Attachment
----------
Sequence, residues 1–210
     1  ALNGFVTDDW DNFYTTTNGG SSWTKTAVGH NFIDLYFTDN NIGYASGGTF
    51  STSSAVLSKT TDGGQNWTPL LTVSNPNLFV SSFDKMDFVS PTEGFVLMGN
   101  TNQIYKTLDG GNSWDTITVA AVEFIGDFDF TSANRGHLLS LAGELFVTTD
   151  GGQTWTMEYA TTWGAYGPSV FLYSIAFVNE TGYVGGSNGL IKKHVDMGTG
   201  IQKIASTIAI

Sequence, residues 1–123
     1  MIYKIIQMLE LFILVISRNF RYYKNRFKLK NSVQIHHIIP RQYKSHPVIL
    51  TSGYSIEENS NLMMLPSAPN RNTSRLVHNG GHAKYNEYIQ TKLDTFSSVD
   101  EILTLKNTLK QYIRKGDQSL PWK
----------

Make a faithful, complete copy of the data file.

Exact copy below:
Sequence, residues 1–210
     1  ALNGFVTDDW DNFYTTTNGG SSWTKTAVGH NFIDLYFTDN NIGYASGGTF
    51  STSSAVLSKT TDGGQNWTPL LTVSNPNLFV SSFDKMDFVS PTEGFVLMGN
   101  TNQIYKTLDG GNSWDTITVA AVEFIGDFDF TSANRGHLLS LAGELFVTTD
   151  GGQTWTMEYA TTWGAYGPSV FLYSIAFVNE TGYVGGSNGL IKKHVDMGTG
   201  IQKIASTIAI

Sequence, residues 1–123
     1  MIYKIIQMLE LFILVISRNF RYYKNRFKLK NSVQIHHIIP RQYKSHPVIL
    51  TSGYSIEENS NLMMLPSAPN RNTSRLVHNG GHAKYNEYIQ TKLDTFSSVD
   101  EILTLKNTLK QYIRKGDQSL PWK